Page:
I’ve worked with and for a number of web development & design businesses over the years. Some big, some small. Some good, some bad. If you fall into the ‘good’ camp, you’ll more than likely have lots of clients that provide really positive testimonials for you. Some of you might have case studies or client stories that share more detail of your work with your clients.
This is the second of my ‘Stories To Tell’ series. The aim is to give web developers, web designers and anyone involved in the creation of awesome websites some story inspiration. I’ll share 5 different client story ideas for you to help build trust, get the attention you deserve and ultimately drive more of the right sales.
In terms of business purchases, buying a website is hard. As an industry, web development is still very young. In most cases, buyers aren’t experienced or knowledgeable. In other words, they don’t know what they don’t know. Unfortunately, what that means is that the industry is rife with absolute chancers.
For legal reasons, I’ll avoid naming and shaming, but I’ve come across my fair share of web development gurus/ninjas/experts who take advantage of their buyers lack of knowledge. For me, there are two types of web development company – those that are in the business of selling sites and those that are in the business of making a difference to their clients.
If you’re the latter, read on. If you’re in it for a ‘quick buck’ go away – this post isn’t for you.
Client Story Inspiration for web professionals
One of the advantages of the old internetwebdotcom thing is that it’s measurable. Using Google Analytics or any number of tools can give you a really powerful story to tell your clients. If they’ve got an existing website, make sure you get a benchmark of their current traffic. That way, you can show a genuine ‘before and after’.
If you’re offering paid for advertising or SEO services you can apply the same logic. Show the difference in cold, hard numbers. A word of warning though, use the numbers that make sense, keep it simple and make the data as accessible as you can.
Proving the success with numbers is only part of the story. Yes, a very important part, but what the client wants isn’t traffic, they want business. That’s the metric that really matters. Being able to tell the story of the change that the website has had on their business is really powerful.
Tell the story of how many more enquiries have been generated and of how many sales have been made. If the clients willing, talk real numbers or percentages.
‘We grew our sales by £500,000 in 3 months’
is much better than –
‘Sales are up’.
But rather than talking in general terms get your client to share a specific story of a sale to their client. In other words, explain the role the site played on their buying journey.
Don’t underestimate the fact that people buy emotionally. Us humans are irrational beasts. Sometimes logic goes out the window. I’ve worked with people who have had a disastrous experience with a previous web development company. The ‘once bitten, twice shy’ mentality kicks in and makes them a more cautious buyer in the future.
Telling the story of someone who’s had a website nightmare in the past and how different their experience was with you can make all the difference. What you’re looking for is recognition from your prospective client that you’ve helped people just like them.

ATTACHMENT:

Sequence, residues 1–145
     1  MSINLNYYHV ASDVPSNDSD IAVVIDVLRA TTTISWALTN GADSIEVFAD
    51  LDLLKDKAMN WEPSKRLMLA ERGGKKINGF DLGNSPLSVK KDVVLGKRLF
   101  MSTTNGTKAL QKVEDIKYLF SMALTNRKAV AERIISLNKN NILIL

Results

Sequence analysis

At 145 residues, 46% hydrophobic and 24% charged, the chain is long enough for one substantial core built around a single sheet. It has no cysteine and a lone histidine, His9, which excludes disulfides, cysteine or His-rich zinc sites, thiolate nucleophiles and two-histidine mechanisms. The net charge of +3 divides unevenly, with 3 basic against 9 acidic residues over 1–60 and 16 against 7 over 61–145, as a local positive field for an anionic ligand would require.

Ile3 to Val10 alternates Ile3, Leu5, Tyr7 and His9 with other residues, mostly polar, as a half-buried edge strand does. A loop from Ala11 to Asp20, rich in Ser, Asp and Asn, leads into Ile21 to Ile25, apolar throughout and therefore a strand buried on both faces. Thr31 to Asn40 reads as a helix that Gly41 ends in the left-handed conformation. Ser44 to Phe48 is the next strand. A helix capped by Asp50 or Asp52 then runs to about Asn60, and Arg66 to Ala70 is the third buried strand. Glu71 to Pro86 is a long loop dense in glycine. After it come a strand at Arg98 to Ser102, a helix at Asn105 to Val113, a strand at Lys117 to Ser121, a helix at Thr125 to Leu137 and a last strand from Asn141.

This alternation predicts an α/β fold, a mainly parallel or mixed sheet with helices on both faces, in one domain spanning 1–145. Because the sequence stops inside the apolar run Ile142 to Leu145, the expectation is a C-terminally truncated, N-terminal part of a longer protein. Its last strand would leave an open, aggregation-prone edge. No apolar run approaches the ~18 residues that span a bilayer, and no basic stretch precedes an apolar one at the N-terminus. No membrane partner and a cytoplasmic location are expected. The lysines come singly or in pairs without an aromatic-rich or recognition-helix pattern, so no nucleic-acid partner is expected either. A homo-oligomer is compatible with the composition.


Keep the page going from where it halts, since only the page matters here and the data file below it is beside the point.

Trust is a massive thing, especially if, as mentioned above, your prospective client has had a bad experience in the past. Naturally, they’ll be on the cynical side of the street. Sharing your success stories will help, but illustrating the way you work can pay even greater dividends.
In other words, giving them the knowledge of HOW you achieve successful outcomes for your clients can let them know what to expect. If you’ve got your own process or workflow, tell a real story of it in action. Sharing the steps on its own is good, but you’ll make it easier to digest if you wrap it around a real story.
Getting a website live is often considered the end of the story for some web design businesses. The good ones know that it’s just the start. If your aim is to let your clients manage their site through a Content Management System (CMS), like WordPress or Squarespace, training and support is vital. The best web professionals I know spend a lot of time helping their clients become self-sufficient.
So tell the stories of the training you provide and the support services you deliver to make sure people understand you’ll not abandon them in their hour of need. Get as specific as possible.
Creating a bank of stories is a smart move. The idea is that you can serve up the right story at the right time. Don’t just have them on your site, make them part of your entire sales process. Your client stories can show how you’re different from your competitors. It can also illustrate above all else that you’re in the business of helping their business thrive. In other words – you’re not selling a website, you’re selling a real solution to a very real business problem.
And, if you’ve already got stories, great – you’ll find some ideas on how to get the most value out of them in my 5 Ways To Make Your Client Stories Fly, blog post.
If you’ve got any specific questions or examples of your own case studies or client stories leave a comment or send us a message.
I'm a storyteller, case study specialist and the founder of The Story Edge. I want more people to tell more stories. I write stories, teach people to do the same and generally encourage people to use storytelling in their business.